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Lorn Nothing Else Review

Album. Released 2010.  

BBC Review

Alluring emissions from the darker corners of contemporary electronica.

Mike Diver 2010

Lorn lives in the Middle of Nowhere, Illinois. Why does this matter? Because ‘til now Brainfeeder hasn’t worked with an artist without some roots in Los Angeles, home of label lynchpin and sonic tapestry weaver extraordinaire Flying Lotus. Think Dischord and DC, Constellation and Montreal – at their beginnings stables for locals to filter their art through; now, both are essential threads sewn tight through the fabric of the global alternative music community. Too soon to suggest Brainfeeder will go the same way? Not on the evidence served hot by Nothing Else.

As a hot album this most certainly is – hot in the sense of being so very now, in the wake of the stutter-beat pigeonhole-eschewing masterpieces presented by FlyLo and his many almost-there-peers (brethren for the sake of an easy parallel); and in terms of just how caustic some of these compositions are on the synapses. If the heat isn’t felt by the close of Bretagne, then Automaton will set that unlikely situation straight. How best to convey just how the track collapses the canals, smashes up the inside of the skull, and then disappears into the dark trailing bloody, broken remains behind it? Without Actual Physical Violence: a conundrum fit for a comic book villain in too-tight tights. Be sure to clench everything.

It is one of a handful of numbers here that treads ground also occupied by King Cannibal, so far as gut-busting, knuckle-whitening bass goes; through the right speaker set-up it, as well as the twin Voids and the ironically titled Greatest Silence, will threaten the very foundations of whatever basement/bedsit/black hole it’s cranked out from within. The tracks that pop and fizz, spit and bubble are closer in keeping with the dubstep world’s more visible protagonists, each detached vocal bringing Lorn closer to a commercial centre certain to earn pounds as well as plaudits. But this man is no Starkey, no Benga, and certainly no Rusko – good-time vibes are conspicuous by their absence, and the prevalent vibe is one of peculiar melancholy. Whenever the otherwise pervading menace subsides, anyway. Take Army of Fear – though set to a military percussive motif that’s reminiscent of a thousand rap backing tracks, the keys emanate a pain unique to the darker corners of contemporary electronica.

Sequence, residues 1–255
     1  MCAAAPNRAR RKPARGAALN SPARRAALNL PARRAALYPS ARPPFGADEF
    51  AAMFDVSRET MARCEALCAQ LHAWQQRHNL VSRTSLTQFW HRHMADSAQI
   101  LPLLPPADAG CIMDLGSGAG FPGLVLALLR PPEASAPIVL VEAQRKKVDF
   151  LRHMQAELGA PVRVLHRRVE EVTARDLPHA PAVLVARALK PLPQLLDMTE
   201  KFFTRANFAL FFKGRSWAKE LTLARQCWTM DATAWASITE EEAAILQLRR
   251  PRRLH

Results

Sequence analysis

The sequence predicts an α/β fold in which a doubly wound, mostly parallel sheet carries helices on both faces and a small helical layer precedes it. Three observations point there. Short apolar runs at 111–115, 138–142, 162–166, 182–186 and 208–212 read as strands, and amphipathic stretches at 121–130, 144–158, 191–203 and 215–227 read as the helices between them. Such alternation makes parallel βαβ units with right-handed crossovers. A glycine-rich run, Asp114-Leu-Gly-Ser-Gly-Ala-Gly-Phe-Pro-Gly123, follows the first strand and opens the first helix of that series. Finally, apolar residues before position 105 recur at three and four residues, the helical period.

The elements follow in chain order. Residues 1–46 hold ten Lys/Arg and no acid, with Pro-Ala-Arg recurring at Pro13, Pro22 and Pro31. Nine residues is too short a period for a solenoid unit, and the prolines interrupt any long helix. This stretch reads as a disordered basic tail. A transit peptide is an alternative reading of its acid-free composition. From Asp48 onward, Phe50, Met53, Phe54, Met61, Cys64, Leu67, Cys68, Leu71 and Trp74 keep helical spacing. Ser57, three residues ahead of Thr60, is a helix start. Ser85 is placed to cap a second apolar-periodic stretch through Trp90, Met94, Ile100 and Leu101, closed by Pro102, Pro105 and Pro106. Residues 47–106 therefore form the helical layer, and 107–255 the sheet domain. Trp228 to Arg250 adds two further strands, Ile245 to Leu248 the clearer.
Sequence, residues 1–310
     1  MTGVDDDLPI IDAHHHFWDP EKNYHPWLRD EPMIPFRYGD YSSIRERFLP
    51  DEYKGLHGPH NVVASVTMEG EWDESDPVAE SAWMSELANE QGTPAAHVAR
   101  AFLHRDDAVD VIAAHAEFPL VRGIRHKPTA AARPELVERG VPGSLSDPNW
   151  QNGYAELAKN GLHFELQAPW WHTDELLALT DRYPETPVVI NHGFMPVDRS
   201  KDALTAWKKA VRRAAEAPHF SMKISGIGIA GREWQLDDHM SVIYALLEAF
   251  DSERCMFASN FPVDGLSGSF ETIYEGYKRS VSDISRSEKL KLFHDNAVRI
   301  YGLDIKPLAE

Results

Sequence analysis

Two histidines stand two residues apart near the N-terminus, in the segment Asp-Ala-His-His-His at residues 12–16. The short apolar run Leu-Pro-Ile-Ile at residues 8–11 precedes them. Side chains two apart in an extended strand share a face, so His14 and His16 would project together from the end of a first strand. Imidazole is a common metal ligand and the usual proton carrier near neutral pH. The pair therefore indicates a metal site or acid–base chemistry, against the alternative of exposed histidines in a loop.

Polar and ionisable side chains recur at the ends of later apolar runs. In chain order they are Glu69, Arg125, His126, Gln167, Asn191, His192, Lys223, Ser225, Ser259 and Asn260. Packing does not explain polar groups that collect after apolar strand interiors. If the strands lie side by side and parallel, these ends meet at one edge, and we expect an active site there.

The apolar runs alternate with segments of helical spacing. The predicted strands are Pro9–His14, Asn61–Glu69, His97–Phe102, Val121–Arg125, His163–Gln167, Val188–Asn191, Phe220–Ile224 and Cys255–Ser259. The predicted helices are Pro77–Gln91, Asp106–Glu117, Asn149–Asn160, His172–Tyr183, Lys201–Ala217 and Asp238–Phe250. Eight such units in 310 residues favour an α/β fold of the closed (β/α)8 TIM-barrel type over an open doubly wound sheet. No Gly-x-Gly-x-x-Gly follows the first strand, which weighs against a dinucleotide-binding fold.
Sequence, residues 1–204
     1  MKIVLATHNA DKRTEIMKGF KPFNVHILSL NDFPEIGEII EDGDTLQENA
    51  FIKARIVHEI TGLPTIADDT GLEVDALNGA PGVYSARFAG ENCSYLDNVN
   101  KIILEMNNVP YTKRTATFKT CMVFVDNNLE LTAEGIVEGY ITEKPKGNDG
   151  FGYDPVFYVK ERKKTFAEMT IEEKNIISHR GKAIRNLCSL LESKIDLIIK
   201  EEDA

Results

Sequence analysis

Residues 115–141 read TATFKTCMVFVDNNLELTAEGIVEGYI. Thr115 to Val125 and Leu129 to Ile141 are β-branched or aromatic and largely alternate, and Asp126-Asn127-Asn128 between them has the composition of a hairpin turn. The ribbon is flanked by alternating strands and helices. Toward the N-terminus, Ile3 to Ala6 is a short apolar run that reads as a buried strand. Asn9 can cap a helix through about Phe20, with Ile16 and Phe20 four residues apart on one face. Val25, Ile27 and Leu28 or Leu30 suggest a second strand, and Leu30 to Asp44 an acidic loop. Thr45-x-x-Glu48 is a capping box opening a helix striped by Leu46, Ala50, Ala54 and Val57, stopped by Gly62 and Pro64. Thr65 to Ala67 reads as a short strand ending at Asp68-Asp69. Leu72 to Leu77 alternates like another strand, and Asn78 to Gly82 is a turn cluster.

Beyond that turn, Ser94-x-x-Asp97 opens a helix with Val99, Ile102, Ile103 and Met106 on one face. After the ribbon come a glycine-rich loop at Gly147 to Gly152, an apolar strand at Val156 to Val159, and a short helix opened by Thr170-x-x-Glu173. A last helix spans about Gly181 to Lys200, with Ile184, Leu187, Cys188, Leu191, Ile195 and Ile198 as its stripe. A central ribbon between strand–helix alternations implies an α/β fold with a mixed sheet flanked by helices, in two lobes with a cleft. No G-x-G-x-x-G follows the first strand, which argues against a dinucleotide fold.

Another couple of out-of-towners like Lorn, and Brainfeeder will have itself quite the army of aural assailants ready to invade territories anew.

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